The comparison is very simple.
Informative, but still nothing touching my major point. I was wrong to suggest that Nikon hasn't been consistent with specifications on its SLRs, like the AF point counts which have been remarkably stable regardless of the year or price (you'd think they could make it better as time goes on...but Canon has to catch up first, right?). On the Canon side my point is that AF module "downgrading" is only relative to other cameras in the contemporary lineup. By the time a 5D Mark III comes out, the 7D will be a year old. The 5D Mark II's autofocus sensor is similar enough to the original 5D's, and it's simply time for a change. The 5D line is apart from the "prosumer" or advanced amateur etc. lines, and it's separate from the 1D / 1Ds / 1.3x crop lines as well.
It certainly can use autofocus at least as good as the 7D, but in truth it needs to be considerably better than that. The 5D Mark III (or whatever occupies the line) really needs continuous autofocus in movie mode, for example, given the camera's use for filmmaking, which try as they might Canon can't sway users to the more expensive 1.3x crop cameras for. Unless Canon is hoping to aim people towards a new line entirely, or a different kind of product (like camcorders), they will simply lose a lot of friends if the AF system stays stagnant.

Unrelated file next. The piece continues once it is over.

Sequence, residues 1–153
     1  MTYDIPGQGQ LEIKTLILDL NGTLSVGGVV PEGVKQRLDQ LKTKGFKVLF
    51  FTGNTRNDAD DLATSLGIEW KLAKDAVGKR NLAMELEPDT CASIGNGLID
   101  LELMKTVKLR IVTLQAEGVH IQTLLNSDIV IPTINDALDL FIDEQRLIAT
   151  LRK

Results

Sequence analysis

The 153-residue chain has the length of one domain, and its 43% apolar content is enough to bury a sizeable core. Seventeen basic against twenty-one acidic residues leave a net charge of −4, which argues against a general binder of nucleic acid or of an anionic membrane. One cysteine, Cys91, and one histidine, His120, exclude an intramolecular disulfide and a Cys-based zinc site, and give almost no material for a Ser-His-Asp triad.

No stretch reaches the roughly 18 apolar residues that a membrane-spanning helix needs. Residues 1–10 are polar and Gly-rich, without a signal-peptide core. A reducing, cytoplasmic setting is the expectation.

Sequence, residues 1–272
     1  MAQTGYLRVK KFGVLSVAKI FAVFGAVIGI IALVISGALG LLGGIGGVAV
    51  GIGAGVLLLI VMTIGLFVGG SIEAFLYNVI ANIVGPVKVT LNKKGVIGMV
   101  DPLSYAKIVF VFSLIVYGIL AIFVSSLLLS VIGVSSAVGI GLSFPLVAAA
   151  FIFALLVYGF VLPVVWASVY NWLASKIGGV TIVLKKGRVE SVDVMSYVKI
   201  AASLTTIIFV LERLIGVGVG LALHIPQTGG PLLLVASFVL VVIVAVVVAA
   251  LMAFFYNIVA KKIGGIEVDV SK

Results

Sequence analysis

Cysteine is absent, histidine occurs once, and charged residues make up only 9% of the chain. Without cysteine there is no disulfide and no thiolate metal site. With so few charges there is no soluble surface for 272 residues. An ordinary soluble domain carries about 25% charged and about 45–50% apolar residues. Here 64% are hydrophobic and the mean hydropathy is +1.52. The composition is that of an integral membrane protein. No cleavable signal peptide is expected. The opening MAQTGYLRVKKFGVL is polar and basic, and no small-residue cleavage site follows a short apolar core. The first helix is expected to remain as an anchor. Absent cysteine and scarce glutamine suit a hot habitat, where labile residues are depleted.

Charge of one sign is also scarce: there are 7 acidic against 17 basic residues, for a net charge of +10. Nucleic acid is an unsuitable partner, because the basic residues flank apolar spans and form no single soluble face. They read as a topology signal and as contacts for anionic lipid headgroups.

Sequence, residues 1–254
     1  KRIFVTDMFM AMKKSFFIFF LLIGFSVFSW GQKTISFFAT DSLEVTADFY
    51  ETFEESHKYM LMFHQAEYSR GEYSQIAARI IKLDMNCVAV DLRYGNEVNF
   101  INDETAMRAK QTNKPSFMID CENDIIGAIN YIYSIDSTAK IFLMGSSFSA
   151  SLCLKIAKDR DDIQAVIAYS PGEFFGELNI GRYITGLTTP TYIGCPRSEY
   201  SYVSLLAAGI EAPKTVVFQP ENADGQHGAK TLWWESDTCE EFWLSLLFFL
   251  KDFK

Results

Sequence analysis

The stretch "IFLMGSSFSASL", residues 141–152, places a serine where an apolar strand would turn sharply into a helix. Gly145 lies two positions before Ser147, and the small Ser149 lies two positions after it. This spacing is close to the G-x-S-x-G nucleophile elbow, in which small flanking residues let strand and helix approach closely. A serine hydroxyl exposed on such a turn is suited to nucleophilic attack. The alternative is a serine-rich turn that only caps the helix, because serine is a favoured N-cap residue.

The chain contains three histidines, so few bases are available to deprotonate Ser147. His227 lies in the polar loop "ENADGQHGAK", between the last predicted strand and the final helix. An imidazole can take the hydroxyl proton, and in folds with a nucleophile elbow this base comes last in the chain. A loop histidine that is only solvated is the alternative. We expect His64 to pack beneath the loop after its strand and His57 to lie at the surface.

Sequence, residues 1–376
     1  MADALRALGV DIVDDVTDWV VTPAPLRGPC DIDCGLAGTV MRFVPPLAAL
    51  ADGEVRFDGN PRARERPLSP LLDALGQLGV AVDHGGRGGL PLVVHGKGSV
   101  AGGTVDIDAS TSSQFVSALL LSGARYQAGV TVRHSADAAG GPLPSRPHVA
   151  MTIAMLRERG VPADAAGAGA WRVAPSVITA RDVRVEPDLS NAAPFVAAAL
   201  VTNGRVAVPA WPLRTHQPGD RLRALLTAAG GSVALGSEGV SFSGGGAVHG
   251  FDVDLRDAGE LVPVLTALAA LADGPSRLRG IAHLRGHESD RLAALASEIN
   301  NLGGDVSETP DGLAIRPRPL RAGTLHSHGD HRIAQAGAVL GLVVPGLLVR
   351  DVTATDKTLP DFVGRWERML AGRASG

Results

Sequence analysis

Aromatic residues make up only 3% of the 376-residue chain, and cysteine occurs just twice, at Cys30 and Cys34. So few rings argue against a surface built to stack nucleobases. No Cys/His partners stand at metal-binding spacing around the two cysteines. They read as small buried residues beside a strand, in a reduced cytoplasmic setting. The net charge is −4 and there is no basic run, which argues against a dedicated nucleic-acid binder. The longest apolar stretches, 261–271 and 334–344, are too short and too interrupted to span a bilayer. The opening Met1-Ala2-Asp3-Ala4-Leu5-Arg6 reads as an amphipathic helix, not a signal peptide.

For what it's worth, the 7D's 19 cross-type sensors ought to beat (at least for photographs) the more impressive-sounding 51 point AF sensor-equipped cameras, when those like the D700 and D300S have 15 cross type. By the "Nikon only builds two tiers" theory, the D7000 is placed at the very top of the low end, with just 9 cross-type sensors, 39 overall. Not a bad argument given its price.
On the lower-tier cameras Nikon hasn't been shy about holding down costs - and cutting features: The Multi-CAM1000 AF sensor in the D3100, released almost at the same time as the D7000, has just 11 points, none of them cross-type. Even my poor old T1i has a cross-type sensor.